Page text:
• Well, if it racks up enough charges that you can't afford to pay your bill, then your service will be terminated. That's a pretty big modification to you phone services!
    • What about those porn-dialer trojans that call crazy 900 numbers in asia, do you consider those harmless?

      Malicious may have been a better word, but "destructive" like most adjectives is pretty much subjective.

      If you think about it, malware is destructive if you incur a cost.. Either in time, money or both.

      I'd consider this more "destructive" than a virus that, say, wiped out my address book, because that would only 'cost' me about 20 seconds to resync to my PC. This would cost me the many hours and hass
    • Re:Not a virus (Score:3, Insightful)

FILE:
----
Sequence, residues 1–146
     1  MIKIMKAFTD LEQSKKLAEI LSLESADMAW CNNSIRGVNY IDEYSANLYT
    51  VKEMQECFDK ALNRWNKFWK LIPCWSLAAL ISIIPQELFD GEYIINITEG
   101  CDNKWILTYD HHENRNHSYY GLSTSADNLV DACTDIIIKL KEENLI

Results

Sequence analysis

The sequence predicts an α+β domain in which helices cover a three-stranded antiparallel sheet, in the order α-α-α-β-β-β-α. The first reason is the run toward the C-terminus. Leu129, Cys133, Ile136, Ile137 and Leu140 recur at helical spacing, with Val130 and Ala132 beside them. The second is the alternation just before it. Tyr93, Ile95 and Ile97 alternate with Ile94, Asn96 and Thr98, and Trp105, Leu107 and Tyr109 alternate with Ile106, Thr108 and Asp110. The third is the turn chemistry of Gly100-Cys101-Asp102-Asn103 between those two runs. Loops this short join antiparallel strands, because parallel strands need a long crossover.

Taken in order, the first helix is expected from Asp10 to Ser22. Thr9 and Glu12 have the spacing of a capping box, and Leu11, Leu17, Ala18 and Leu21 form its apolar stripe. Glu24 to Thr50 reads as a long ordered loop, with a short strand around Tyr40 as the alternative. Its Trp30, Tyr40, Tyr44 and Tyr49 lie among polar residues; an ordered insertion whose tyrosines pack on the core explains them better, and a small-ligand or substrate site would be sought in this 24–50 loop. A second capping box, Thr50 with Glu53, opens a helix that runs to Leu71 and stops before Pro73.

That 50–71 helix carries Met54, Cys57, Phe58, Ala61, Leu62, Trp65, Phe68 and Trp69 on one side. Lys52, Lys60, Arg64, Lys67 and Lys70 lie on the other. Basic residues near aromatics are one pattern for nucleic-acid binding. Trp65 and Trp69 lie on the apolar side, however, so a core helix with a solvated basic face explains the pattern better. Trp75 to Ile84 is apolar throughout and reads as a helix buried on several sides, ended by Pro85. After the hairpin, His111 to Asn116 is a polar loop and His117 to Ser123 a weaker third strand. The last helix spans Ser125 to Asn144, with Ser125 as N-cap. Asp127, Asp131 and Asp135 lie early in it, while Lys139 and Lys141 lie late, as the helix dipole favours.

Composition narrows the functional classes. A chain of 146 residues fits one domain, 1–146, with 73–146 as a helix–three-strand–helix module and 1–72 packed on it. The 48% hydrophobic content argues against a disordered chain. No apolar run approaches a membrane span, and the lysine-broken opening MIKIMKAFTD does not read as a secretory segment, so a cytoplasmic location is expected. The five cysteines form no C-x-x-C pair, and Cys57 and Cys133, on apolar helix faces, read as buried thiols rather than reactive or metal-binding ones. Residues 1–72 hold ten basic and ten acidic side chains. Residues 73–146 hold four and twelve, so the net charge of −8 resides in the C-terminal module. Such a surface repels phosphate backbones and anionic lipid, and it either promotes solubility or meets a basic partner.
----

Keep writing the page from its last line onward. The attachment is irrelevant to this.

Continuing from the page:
by dspyder (563303)
      You're correct!!! And rather than post a redundant message, I will add here that this type of crap (non-replicating, non-spreading) should be reffered to as a Trojan or at the very least Malware (depending on exactly what it does).

      Of course, the public grasps onto Virus = Bad, regardless of its actual function

      In reality, most computer viruses are fascinating studies...

      --D
  • That is why... (Score:3, Insightful)

    by Space_Soldier (628825) <not4_u@hotmail.com> on Wednesday August 11, 2004 @12:17PM (#9940332)
    ... a phone needs to be just a bloody phone.
    • Re:That is why... (Score:2, Interesting)

      by Launch (66938)